All parents face the HOMEWORK DILEMMA at some point, if not every night. Parents constantly ask questions. Do you have homework? Why don’t you have homework? Why do you have so much homework? Do you know what to do? Did you remember your books to complete the homework? Did you know about that report more than a day before the due date? How much should I help with this assignment?
None of us should think we are the only ones asking these questions. If you are a parent with a student then you are asking these questions and MANY more. You are not alone!
Below are some points that may reduce homework anxiety for both the student and parent.
Do we need a plan?
Have a set time and place to do homework and stick to it as much as possible. Interruptions should be eliminated, at the very least, kept to a minimum. Supplies should be readily available. Homework should be checked over by the parent. This can reduce the anxiety of possibly taking work to school that is wrong. This can add academic security for the student and an opportunity to receive positive attention from the parent. The student and parent should have input into the plan.
What comes first?
Your student may need help deciding the order in which to complete the assignments. The student may also have difficulty deciding if a particular assignment needs to be completed in its entirety in one night or a little each night until the due date. Talking with your student about these decisions each night builds security and confidence.
Should I help?
This is a constant question for parents. Parents want to help, but too much help teaches the student learned helplessness and a feeling of not believing in his/her own capability. Parents should not be helicopter parents. Checking in and providing immediate gratification and support will build independence and satisfaction. Checking in also provides assistance and support as the assignment is in progress instead of waiting until the end and finding that the student was not clear on the directions. Zero in on what was done right and provide clarity where needed.
Is it enough time?
Never allow a student to work on homework for hours. This is fine if the assignment is consistent with the performance of the student. However, this extended length of time without significant progress may increase feelings of inadequacy.
The general homework formula is “Minutes of Homework = Grade level x 10”. Therefore, a fifth grader should have about 50 minutes of homework in one night and a sixth grader should have about 60 minutes of homework in one night. The problem for parents is determining if your student is actually working on the homework or daydreaming and wasting the time. If the parent determines that the homework cannot be completed then after a reasonable amount of time the parent should write the teacher explaining the circumstances. Possibly a conversation with the teacher may bring understanding for student, parent, and teacher.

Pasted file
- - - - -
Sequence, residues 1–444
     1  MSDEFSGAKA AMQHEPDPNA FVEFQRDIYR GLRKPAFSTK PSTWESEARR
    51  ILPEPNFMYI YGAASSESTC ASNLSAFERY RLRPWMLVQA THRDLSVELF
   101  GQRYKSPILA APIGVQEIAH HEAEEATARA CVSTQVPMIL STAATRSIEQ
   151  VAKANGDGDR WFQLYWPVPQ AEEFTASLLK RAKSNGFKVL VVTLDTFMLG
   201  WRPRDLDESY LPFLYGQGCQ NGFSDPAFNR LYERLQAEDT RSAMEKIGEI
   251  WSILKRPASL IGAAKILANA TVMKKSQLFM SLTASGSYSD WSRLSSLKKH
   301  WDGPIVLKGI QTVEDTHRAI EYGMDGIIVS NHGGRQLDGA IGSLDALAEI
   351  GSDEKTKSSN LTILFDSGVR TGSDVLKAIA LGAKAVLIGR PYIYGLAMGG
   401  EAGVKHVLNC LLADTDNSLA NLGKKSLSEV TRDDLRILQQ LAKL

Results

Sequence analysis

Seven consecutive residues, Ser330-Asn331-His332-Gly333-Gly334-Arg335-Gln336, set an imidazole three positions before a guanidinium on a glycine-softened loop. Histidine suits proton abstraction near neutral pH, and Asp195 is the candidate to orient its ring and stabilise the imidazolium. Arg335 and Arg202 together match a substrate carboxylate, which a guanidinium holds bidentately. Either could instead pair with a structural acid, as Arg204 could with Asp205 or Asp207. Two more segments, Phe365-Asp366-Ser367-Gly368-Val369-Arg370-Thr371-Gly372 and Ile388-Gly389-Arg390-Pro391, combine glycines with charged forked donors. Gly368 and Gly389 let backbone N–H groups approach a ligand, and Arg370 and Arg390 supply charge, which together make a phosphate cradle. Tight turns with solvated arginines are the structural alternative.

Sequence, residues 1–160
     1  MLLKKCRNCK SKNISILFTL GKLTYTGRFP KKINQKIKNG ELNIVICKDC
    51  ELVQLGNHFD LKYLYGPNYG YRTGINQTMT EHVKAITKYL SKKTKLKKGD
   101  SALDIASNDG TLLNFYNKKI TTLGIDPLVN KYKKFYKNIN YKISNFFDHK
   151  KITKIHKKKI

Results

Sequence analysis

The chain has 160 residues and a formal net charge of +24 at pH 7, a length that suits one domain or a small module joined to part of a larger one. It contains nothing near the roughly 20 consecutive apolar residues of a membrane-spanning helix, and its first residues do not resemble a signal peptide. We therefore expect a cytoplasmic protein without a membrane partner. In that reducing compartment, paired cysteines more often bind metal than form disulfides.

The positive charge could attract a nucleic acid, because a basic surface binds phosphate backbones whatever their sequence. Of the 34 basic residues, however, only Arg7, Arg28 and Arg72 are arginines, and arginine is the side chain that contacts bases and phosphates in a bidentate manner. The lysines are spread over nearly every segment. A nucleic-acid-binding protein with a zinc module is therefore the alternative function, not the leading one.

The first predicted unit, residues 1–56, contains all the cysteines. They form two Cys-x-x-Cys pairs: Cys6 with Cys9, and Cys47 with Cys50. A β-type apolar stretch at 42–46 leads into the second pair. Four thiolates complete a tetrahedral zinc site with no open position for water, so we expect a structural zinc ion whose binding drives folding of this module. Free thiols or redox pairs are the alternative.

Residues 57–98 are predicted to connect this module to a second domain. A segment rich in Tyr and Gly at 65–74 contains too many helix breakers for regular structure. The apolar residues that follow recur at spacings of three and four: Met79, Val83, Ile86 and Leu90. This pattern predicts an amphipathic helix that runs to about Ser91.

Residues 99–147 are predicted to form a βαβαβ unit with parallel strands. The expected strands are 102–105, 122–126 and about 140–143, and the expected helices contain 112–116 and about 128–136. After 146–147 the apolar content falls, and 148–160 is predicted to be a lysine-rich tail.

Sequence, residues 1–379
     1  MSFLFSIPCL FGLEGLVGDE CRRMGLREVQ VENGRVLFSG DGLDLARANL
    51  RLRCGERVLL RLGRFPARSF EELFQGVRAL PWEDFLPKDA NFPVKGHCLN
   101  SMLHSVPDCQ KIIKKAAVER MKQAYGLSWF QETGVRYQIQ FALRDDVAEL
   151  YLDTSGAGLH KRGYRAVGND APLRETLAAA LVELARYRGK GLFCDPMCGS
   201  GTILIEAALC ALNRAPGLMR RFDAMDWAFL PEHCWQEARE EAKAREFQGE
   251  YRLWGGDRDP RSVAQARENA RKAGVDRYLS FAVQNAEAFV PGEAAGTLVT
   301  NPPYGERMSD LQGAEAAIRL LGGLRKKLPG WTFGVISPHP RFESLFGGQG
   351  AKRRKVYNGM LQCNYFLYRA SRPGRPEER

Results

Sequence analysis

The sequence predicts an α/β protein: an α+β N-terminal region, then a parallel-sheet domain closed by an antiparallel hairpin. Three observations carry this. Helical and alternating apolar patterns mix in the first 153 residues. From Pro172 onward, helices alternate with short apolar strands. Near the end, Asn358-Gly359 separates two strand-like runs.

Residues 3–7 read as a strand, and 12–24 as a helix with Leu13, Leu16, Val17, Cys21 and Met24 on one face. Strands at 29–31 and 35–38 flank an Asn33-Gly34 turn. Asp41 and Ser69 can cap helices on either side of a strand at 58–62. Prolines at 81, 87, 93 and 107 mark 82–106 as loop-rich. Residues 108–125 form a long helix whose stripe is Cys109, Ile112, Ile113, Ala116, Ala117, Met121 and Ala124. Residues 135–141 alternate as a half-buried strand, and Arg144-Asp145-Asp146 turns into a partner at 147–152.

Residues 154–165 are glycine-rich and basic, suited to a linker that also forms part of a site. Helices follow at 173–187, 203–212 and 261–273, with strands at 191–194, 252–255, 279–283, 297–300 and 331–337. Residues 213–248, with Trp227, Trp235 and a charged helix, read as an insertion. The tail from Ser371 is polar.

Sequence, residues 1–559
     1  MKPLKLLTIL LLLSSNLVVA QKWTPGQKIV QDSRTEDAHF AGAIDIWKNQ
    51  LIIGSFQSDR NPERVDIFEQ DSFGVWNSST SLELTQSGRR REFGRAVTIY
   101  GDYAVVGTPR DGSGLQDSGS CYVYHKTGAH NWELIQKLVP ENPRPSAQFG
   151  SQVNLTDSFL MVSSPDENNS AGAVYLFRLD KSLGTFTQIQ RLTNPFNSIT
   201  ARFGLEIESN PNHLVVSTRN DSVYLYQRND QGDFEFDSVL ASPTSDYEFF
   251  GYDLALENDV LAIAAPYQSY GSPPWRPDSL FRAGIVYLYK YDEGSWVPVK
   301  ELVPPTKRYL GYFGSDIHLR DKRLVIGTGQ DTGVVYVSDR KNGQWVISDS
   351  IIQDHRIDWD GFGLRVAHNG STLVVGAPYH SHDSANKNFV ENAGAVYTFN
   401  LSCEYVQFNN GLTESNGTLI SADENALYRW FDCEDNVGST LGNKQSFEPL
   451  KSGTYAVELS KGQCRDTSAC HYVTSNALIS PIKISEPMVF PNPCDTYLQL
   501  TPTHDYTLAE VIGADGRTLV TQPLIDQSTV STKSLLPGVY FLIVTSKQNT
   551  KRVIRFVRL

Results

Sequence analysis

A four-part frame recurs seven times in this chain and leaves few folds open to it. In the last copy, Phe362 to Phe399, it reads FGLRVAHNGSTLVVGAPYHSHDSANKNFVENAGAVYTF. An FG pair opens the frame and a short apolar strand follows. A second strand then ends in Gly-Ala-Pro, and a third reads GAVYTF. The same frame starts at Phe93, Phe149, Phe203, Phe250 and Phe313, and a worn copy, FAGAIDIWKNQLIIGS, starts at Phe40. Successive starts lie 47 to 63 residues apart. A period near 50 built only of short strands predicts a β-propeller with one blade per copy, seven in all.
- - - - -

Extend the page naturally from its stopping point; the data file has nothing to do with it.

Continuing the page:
Should I do it?
Parents can ask questions about the reading students are engaged in for the assignment. This will increase memory and thinking about learning. Students are very aware of verbal and nonverbal communication. Eye rolling, sighs, grimaces, and others may send messages of disapproval and loss of love. This puts a strain on family relationships and the student’s ability to perform.
Parents should never complete an assignment in its entirety or even a small part of it. These actions send messages of inadequacy and failure. This increased sense of dependency effects much more of the student’s life than just homework.
What can possibly help?
- Encourage your student to have a homework buddy who can provide information about an assignment if details are needed.
- Remember that homework is the student’s responsibility not yours.
- State your expectations and confidence in their ability.
- Act laid-back but show your interest.Talk about what is being learned and tell him/her what you’d like to see change.
- Offer information without being confrontational.
- Teach your child to set goals and break assignments into chunks.
- Teach your child the power of positive self-talk.
- Take school seriously and talk about what is being learned.
- Praise what they do well.
- Expect more than mediocrity but don’t persist if either of you become emotional or defensive.
- Reward your child with your time instead of money or gifts.
- Communicate with the teacher.